I’m no anthropocentric chauvinist, I don’t hold the human brain and consciousness to any standard that transcends the physical laws of our universe, but after considering all the arguments, I come away persuaded that several of them make powerful, compelling cases that Strong AI is not in the cards.

  • The human brain is not a Turing machine, it is not merely algorithmic, as are, however, all AI constructs so far. There are a countably infinite number of computable functions for AI to address and solve, but there are an uncountably infinite number of non-computable functions. Put another way, there is a second order infinity of mathematical truths that can never be proven, but can nonetheless be understood by the human mind.
  • The subjective experience of self is something we are far from understanding let alone creating within a machine. Qualia such as color does not exist in nature -– there are only 700nm electromagnetic waves which the brain interprets as RED.
  • The only mechanism known so far that can create a subjective experience is evolution, and many suspect that it will take the same on our part, directed biological evolution, in order for humans to build a self-aware intelligence. The human brain is comprised of some 100 billion neurons, each making 10,000 connections, for a total of 1,000,000,000,000,000 synapses. All in a compact three-pound package that consumes just 20 watts of energy. A single eukaryotic cell is vastly more complex than our most powerful CPU chip. Moore’s Law ain’t gonna get us there.
  • Meaning and metaphor. There is a difference, a big difference, perhaps an insurmountable gulf, between manipulating symbols versus grasping their meaning. Consider a piece I wrote upon the fifth anniversary of my brother’s death some years ago now:

    “A permanent vase-like illusion: your brother, or emptiness? But time has a way of regenerating the devastated landscape. A visit to his memory now finds that the birds and blossoms have returned, a melancholy meadow where it is forever late summer.”

What is a Turing machine to make of melancholy meadows where it is forever late summer? Metaphors are neither true nor false – that is not how we interpret them. Will a machine ever experience revulsion at the image of a swastika or a burning cross? What sort of algorithm would it take to comprehend the gaps and relationships between symbol, language and meaning in Magritte’s The Treachery of Images (“Ceci n'est pas une pipe”)?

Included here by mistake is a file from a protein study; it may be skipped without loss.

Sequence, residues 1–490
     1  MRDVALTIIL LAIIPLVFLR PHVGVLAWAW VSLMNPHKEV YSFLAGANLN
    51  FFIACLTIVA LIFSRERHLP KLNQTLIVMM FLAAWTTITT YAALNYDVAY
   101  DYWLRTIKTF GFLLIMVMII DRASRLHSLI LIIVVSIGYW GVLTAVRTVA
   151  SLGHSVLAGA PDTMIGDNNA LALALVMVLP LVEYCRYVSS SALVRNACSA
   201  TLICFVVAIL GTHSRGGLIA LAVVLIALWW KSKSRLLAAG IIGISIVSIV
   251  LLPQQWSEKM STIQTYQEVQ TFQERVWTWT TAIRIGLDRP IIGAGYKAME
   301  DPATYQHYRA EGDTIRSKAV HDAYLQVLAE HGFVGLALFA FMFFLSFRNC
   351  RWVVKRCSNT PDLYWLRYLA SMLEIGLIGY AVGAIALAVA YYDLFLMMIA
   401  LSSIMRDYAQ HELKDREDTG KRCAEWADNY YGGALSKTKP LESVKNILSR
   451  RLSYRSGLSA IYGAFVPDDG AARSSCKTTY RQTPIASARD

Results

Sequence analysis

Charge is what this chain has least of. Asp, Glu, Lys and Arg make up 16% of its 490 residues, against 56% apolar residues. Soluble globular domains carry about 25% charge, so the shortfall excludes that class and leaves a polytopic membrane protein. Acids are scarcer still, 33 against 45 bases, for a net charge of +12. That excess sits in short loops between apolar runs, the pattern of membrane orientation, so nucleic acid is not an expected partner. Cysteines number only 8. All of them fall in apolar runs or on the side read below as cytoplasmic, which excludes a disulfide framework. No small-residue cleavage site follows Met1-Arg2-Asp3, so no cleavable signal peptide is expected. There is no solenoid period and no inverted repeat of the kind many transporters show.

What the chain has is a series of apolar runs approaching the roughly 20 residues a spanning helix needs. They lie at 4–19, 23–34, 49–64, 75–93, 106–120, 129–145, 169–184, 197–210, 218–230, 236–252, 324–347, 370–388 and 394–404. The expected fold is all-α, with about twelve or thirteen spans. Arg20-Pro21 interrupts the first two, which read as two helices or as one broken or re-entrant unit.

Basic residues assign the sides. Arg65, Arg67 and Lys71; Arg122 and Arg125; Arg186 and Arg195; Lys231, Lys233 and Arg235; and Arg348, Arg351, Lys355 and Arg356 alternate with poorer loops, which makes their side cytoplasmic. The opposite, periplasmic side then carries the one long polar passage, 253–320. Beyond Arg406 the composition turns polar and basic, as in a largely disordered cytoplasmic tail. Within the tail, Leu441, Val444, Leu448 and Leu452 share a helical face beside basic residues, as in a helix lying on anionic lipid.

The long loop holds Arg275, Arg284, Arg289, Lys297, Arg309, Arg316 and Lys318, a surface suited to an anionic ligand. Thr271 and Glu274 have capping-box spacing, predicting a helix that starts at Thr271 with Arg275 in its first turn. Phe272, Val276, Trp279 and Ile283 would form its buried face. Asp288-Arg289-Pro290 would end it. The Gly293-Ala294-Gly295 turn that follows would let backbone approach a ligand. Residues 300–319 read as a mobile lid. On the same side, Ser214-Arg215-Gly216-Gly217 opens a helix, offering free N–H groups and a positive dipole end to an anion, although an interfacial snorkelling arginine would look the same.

The Doomsday Clock currently sits at three minutes till midnight without any assistance from Evil AI -- humanity has managed that all by itself. A noble planetary goal for the 21st century would be to see it moved back to before noon, and I, for one, welcome the help of Weak AI, our servant and partner in all its forms and applications, in urging it in that direction.

Leo Sadovy, Performance Management Marketing, SAS

Leo Sadovy handles marketing for Performance Management at SAS, which includes the areas of budgeting, planning and forecasting, activity-based management, strategy management, and workforce analytics. He advocates for SAS’s best-in-class analytics capability into the offices of finance across all industry sectors. Before joining SAS, he spent seven years as Vice President of Finance for Business Operations for a North American division of Fujitsu, managing a team focused on commercial operations, customer and alliance partnerships, strategic planning, process management, and continuous improvement. During his 13-year tenure at Fujitsu, he developed and implemented the ROI model and processes used in all internal investment decisions, and also held senior management positions in finance and marketing.

Prior to Fujitsu, Sadovy was with Digital Equipment Corp. for eight years in sales and financial management. He started his management career in laser optics fabrication for Spectra-Physics and later moved into a finance position at the General Dynamics F-16 fighter plant in Fort Worth, Texas. He has an MBA in Finance and a Bachelor’s degree in Marketing. He and his wife Ellen live in North Carolina with their three college-age children, and among his unique life experiences he can count a run for US Congress and two singing performances at Carnegie Hall.

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Re: To Be or Not To Be
  • 4/17/2016 7:54:33 PM

I do wonder how many jobs actually are being lost to robotics. Look at something like the auto industry. Some of those companies would have disappeared if it wasn't for robotics (and other inititiatives), and the old jobs would have been gone anyway. Are many low-level jobs going to robots (jobs that would have disappeared even without the robots)?

To Be or Not To Be
  • 4/16/2016 11:52:44 AM

I'm in whole hearted agree that we have to worry about the people programming artificial intelligence.  If a computer could feel emotion it could be programmed to find human suffering a beautiful thing.  A true test would be for it to decide that was wrong. But if it could do that, it could also overwrite any programming that would prevent it from harming humans.

Besides just to see if it can be done, there is little reason to build a computer that is self-aware.  If we have robots designed to do our house hold chores and it decided it wanted to be an artist instead someone would want their money back.  It's enough just to give it the algorithims to do the job.

I agee we are a long way from worrying whether we have to give machines voting and civil rights.  Right now the real threat is robots taking over low skilled labor jobs.